St. Sabbas the Sanctified was an instructor of the desert, adornment of monks and luminary of the inhabited earth. He was born at Mutalaska in Cappadocia, in 439 AD. He entered a monastery near Mutalaska at an early age, where he stayed for 10 years. He then went to Jerusalem to learn from the example of the solitaries of that country. He passed the winter in a monastery governed by the holy abbot Elpidius, but his love of silence and retirement made him prefer the manner of life practised by St. Euthymius. Euthymius judged him too young for an absolutely solitary life, and therefore recommended him to his monastery below the hill, about five kilometre distant, which was under the conduct of St. Theoktistus. When Sabbas was 30 years of age he obtained leave from Euthymius to spend five days a week in a remote cave in prayer and manual labour. After the death of Euthymius, Sabbas retired further into the desert towards Jericho, where he spent four years in total isolation.
After Sabbas had lived there for some time, many came to him desiring to serve God under his direction. He was at first unwilling, but eventually founded a new lavra (now called the lavra of St. Sabbas). The number of his disciples increased to 150, but no priest served the community, for he thought that no religious man could aspire to that dignity without presumption. This provoked some of the monks to complain to Sallust, Patriarch of Jerusalem. The bishop found their grievances groundless, except that the want of a priest was a trouble in the community. He therefore compelled Sabbas to receive ordination at his hands in 491 AD. The abbot was then 53 years old. The reputation of his sanctity drew people from remote countries to his lavra. In 493 AD the Patriarch of Jerusalem established St. Sabbas as archimandrite.
St. Sabbas, like St. Euthymius, left his disciples every year, of more often, and at least passed Lent without being seen by anyone.
At this time the Emperor Anastasius was supporting the Eutychian heresy, and banished many Orthodox bishops. In 511 the Patriarch Elias sent St. Sabbas with other abbots, to endeavour to stop this persecution. Sabbas was 70 years old. He stayed the winter in Constantinople, and often visited the emperor to argue against the heresy, but Anastasius procured the banishment of Patriarch Elias and put one John into his place. St. Sabbas and other monks hastened to Jerusalem and persuaded John at least not to repudiate the Council of Chalcedon. Sabbas is said to have been with the exiled Elias at his death at Aîla on the Red Sea; in the following years he went to Caesarea, Scythopolis and other places, preaching the true faith, and bringing back many to Orthodoxy and right living.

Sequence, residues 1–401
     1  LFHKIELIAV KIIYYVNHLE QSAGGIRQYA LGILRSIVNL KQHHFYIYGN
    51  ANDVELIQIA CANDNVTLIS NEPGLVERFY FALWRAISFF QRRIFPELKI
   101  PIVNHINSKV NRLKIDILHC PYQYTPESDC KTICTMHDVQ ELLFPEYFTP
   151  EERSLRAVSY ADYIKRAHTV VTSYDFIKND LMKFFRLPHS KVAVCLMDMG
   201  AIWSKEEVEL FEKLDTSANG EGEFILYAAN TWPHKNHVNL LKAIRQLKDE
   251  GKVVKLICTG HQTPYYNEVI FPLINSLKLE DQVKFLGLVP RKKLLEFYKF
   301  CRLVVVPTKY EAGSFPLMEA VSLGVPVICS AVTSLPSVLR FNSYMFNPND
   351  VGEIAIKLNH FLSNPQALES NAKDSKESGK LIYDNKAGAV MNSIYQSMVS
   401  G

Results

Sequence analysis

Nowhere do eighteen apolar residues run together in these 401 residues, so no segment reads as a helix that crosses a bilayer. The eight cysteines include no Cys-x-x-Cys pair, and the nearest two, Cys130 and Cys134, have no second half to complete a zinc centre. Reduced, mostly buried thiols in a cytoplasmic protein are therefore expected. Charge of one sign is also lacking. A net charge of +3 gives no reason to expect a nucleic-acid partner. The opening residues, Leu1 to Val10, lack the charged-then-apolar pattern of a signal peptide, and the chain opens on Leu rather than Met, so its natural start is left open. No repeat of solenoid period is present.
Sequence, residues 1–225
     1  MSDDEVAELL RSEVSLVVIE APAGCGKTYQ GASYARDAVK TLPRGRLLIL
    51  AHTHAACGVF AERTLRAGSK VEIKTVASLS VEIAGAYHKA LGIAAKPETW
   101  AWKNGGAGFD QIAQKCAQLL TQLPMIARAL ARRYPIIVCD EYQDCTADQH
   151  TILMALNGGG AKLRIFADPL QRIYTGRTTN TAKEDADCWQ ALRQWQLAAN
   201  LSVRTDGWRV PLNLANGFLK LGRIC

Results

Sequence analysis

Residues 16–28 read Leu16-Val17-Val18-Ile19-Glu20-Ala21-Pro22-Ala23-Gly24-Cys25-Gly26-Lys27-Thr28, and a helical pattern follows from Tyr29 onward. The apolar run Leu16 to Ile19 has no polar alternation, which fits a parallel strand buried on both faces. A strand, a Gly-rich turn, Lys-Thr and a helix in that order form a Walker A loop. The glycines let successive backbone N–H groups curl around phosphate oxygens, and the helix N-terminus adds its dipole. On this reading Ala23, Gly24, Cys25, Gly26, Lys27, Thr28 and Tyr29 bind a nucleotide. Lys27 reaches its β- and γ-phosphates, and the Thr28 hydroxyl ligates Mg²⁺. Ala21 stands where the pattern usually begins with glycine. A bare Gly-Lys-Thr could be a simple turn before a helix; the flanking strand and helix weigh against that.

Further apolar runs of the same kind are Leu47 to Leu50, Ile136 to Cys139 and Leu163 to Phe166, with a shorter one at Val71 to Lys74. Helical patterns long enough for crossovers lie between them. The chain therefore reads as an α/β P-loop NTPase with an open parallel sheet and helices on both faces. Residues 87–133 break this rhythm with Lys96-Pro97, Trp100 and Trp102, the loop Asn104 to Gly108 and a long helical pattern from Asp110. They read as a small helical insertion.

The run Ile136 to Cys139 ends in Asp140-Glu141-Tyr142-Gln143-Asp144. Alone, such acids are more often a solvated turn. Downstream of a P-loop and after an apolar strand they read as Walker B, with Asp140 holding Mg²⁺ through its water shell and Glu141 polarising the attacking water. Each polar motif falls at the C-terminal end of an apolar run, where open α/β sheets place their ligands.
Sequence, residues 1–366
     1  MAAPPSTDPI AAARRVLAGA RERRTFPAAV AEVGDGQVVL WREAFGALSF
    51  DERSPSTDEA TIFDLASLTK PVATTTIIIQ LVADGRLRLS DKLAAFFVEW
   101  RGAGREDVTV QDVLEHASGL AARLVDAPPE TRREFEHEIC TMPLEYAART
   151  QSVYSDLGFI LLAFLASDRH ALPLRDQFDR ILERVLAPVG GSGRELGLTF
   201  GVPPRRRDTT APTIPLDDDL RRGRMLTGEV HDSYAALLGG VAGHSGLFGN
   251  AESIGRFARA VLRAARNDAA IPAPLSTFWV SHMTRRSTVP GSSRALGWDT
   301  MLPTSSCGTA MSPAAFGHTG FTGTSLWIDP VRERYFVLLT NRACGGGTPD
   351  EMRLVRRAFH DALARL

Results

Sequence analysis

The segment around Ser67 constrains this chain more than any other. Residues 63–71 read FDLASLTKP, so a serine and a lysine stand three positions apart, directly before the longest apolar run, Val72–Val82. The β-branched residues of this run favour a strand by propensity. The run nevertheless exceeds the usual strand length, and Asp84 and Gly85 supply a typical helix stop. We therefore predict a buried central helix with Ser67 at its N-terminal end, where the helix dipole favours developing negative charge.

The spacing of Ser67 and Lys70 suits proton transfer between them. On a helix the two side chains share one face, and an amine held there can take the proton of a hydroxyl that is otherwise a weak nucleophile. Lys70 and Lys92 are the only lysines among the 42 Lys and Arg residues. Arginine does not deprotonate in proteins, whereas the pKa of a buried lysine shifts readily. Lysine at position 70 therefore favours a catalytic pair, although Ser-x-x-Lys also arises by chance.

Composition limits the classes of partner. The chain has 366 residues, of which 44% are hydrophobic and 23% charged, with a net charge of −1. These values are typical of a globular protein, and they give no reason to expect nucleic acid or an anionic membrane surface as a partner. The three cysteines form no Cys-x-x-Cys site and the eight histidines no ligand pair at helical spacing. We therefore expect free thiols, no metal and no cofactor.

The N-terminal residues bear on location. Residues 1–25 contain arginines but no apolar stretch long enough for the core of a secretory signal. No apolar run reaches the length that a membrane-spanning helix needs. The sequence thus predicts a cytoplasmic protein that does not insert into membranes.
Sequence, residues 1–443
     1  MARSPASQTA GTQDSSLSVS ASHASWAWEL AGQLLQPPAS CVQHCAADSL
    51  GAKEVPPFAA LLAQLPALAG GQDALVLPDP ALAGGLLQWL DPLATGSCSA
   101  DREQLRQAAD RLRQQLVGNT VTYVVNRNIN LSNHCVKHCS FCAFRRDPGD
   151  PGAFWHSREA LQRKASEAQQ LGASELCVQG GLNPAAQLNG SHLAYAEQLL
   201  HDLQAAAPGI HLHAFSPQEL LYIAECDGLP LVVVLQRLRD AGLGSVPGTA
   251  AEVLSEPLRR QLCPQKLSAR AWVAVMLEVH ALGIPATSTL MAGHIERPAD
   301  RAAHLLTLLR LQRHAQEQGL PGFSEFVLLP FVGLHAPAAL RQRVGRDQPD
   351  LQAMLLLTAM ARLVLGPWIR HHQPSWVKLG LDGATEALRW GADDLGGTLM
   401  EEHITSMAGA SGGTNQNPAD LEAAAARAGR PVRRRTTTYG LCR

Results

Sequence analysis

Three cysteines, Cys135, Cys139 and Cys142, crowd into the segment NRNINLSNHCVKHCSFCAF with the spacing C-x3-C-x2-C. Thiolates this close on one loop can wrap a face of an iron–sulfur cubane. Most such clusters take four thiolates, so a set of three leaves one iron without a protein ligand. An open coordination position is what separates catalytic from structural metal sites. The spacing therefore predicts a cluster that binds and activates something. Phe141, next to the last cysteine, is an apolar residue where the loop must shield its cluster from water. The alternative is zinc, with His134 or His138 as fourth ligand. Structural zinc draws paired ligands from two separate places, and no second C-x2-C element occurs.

In his 91 year, at the request of Patriarch Peter of Jerusalem, St. Sabbas undertook a second journey to Constantinople, in connection with troubles arising out of the Samaritan revolt and its violent repression by the emperor. Justinian received him with honour and offered to endow his monasteries. Sabbas gratefully replied that they did not need such revenues so long as the monks should faithfully serve God, but he begged a remission of taxes in favour of the people in Palestine in consideration of what they suffered on account of the Samaritans; and that he would build a hospital at Jerusalem for pilgrims, and a fortress for the protection of hermits and monks against raiders.
Very shortly after his return to his lavra he fell sick, and the Patriarch persuaded him to be taken to a neighbouring church, where the Patriarch served him with his own hands. Finding his last hour approach, Sabbas begged the Patriarch to be returned to his lavra. He appointed his successor, and then lay four days in silence so that he might concern himself with God alone. He died on December 5, 532 AD, at an age of 94.
In the life of St. Sabbas the Sanctified there is an interesting story that shows how he inspired his monks to be thrifty and frugal.
In the lavra's guest-house there served James the monk. This monk once cooked a large amount of beans, and he threw the leftovers out of the window into a ditch. The Saint saw this from the tower opposite the guest-house. Later, without being seen, he gathered them up.
A few days later he invited Fr. James to dinner. When the monk finished eating, the Saint said, "Forgive me, brother, that my cooking did not please you".
"On the contrary, Holy Father, I was very pleased. I confess I haven't tasted such delicious and well-cooked food for many years".
"So you liked it! Do you know which beans those were?"
"The ones you threw into the ditch a few days ago!"
The monk felt badly when he heard these words. Ashamed, he pondered the lesson that the Saint had given him. He understood that what belonged to the monastery, whether food or anything else, must be used carefully and economically.
St. Sabbas is commemorated on December 5.